This week, a report in The Washington Post got a lot of attention for what it revealed about the business interests of the first daughter. Namely, that the Chinese factory that produces Ivanka Trump's clothing line reportedly pays just slightly more than $1 per hour, a staggeringly low wage that would be considered inhumane by American standards.
As the daughter of President Donald Trump who holds an official presidential assistant position with an office in the White House, Ivanka's business have come under increasingly harsh scrutiny in recent weeks. The Trump family's ongoing ties to its businesses, all while its patriarch sits in the Oval Office, has been a source of consternation, outcry, and condemnation from many observers, including former Bush and Obama administration ethics lawyers Richard Painter and Norm Eisen.
According to The Washington Post's report, workers at the factory make somewhere between $255 to $283 per month, all while working nearly 60 hours per week at the G-III Apparel Group factory. It's not solely about Ivanka, to be clear ― other clothing brands, like Tommy Hifilger and Calvin Klein, also reportedly manufacture their products there, for the same dismally low pay rates. But considering her newfound position as arguably one of the most influential women on Earth — and her father's repeated threats against American companies that manufacture their products outside of the country — it's no surprise that Ivanka's involvement is drawing the most scrutiny.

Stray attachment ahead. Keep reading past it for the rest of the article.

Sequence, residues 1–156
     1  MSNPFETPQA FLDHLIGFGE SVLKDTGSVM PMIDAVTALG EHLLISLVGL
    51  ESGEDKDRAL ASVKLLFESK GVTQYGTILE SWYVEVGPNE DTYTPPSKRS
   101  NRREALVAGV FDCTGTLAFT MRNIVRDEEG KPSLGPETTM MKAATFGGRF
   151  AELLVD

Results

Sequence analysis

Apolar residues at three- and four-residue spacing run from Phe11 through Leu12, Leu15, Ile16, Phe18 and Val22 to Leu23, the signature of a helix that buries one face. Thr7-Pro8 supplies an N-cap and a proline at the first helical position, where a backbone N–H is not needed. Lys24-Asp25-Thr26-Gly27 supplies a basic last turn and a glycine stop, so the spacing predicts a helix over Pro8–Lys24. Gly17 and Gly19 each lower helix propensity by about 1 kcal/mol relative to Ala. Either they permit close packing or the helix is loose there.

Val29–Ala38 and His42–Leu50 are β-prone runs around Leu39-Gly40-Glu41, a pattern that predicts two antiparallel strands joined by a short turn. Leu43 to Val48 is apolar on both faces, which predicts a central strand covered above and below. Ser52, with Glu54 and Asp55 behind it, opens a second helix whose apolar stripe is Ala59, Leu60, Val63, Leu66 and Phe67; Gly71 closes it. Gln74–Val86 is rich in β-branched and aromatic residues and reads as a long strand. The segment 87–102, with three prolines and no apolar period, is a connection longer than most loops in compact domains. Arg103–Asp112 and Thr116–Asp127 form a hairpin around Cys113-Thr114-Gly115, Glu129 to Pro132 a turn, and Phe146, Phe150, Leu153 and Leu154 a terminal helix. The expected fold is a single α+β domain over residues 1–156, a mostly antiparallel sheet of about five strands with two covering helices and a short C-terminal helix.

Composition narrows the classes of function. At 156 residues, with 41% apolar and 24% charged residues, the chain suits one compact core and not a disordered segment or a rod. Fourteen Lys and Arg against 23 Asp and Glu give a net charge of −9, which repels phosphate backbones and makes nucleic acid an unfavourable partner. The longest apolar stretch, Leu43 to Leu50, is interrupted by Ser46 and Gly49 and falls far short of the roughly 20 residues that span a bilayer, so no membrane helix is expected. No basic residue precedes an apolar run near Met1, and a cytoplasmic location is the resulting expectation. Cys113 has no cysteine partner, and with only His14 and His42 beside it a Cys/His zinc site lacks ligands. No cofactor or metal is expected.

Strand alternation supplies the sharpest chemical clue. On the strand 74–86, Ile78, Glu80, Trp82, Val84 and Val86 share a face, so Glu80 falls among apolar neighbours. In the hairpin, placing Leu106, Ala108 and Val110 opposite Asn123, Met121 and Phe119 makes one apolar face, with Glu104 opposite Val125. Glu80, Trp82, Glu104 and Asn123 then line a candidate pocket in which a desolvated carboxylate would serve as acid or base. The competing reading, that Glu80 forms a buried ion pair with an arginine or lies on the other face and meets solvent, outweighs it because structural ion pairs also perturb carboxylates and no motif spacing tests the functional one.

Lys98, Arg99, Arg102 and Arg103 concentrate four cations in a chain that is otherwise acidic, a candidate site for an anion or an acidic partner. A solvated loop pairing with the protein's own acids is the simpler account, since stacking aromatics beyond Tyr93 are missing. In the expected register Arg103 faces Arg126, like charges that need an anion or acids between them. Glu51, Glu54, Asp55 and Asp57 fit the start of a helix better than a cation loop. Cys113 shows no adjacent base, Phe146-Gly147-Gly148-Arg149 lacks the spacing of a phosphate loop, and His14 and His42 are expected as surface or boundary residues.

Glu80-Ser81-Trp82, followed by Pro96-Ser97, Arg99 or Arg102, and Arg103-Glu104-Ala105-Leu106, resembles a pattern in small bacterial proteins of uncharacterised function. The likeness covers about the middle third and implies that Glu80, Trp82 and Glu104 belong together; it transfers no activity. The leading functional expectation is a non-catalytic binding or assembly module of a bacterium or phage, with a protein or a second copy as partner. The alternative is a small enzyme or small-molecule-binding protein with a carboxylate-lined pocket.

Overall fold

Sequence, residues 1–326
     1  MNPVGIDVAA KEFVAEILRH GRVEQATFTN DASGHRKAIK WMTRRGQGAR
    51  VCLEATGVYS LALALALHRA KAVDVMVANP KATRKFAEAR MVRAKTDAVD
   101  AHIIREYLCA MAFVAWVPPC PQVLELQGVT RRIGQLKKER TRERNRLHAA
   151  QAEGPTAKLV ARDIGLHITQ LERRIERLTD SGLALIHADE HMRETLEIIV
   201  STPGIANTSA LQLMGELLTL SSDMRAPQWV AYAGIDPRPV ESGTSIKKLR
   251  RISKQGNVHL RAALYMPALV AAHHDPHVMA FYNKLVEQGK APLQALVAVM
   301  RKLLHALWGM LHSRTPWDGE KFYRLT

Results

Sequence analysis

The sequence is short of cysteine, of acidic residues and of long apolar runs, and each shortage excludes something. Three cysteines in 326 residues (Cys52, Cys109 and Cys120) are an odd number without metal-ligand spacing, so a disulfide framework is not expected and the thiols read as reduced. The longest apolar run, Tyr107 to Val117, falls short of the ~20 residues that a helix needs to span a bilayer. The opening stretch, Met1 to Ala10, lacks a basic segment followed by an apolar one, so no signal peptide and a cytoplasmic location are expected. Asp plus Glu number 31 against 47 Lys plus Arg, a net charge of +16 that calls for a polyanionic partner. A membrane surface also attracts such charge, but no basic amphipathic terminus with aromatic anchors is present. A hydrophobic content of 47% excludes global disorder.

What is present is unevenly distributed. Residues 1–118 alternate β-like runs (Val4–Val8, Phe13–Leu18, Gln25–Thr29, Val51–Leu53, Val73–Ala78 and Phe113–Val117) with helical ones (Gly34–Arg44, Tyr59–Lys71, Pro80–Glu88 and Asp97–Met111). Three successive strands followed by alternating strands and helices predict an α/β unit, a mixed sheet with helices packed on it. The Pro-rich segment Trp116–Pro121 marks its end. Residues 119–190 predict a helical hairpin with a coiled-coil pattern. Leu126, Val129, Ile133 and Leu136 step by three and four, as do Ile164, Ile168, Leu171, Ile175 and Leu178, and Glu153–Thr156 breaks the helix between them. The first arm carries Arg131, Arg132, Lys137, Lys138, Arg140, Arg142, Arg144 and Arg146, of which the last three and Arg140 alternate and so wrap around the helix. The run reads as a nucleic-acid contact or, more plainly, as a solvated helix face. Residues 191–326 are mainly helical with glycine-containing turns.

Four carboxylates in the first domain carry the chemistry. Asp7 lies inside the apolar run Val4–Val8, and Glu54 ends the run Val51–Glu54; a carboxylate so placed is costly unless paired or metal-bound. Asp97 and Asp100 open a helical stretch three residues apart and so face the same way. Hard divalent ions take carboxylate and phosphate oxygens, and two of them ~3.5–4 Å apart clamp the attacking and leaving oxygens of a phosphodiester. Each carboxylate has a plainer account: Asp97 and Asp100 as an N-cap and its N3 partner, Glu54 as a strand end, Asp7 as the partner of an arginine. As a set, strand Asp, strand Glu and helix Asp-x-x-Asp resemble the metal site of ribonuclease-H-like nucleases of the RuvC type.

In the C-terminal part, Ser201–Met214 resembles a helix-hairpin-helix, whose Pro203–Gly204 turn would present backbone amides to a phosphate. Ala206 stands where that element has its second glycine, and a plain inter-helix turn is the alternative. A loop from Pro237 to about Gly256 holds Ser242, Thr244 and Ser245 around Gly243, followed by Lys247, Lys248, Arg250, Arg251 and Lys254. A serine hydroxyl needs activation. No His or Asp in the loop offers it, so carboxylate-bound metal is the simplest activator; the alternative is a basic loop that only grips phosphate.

The amount of money the G-III workers are bringing home is reportedly about half the average income of a Chinese manufacturing worker, an average that's already alarmingly low by American standards. Following a visit and inspection, the Fair Labor Association cited the factory for a whopping two dozen international labor standards violations, as determined by the United Nations International Labor Organization.
Sadly, while this story most definitely involves Ivanka, it's actually about something much bigger and more pervasive: the oppressive conditions and scant wages factory workers in China spend long, long hours earning, even when they are being paid the minimum wage. And, of course, the broader issue of inhumane, exploitative treatment of workers in foreign countries enables and feeds lower prices, and a culture of enthusiastic, unquestioning capitalist consumerism within the United States.
In any case, that's something to think about the next time you see a piece of clothing from Ivanka's line hanging on a rack someplace ― but make no mistake, it's something you should be thinking about in the context of clothing manufacturing more broadly, too.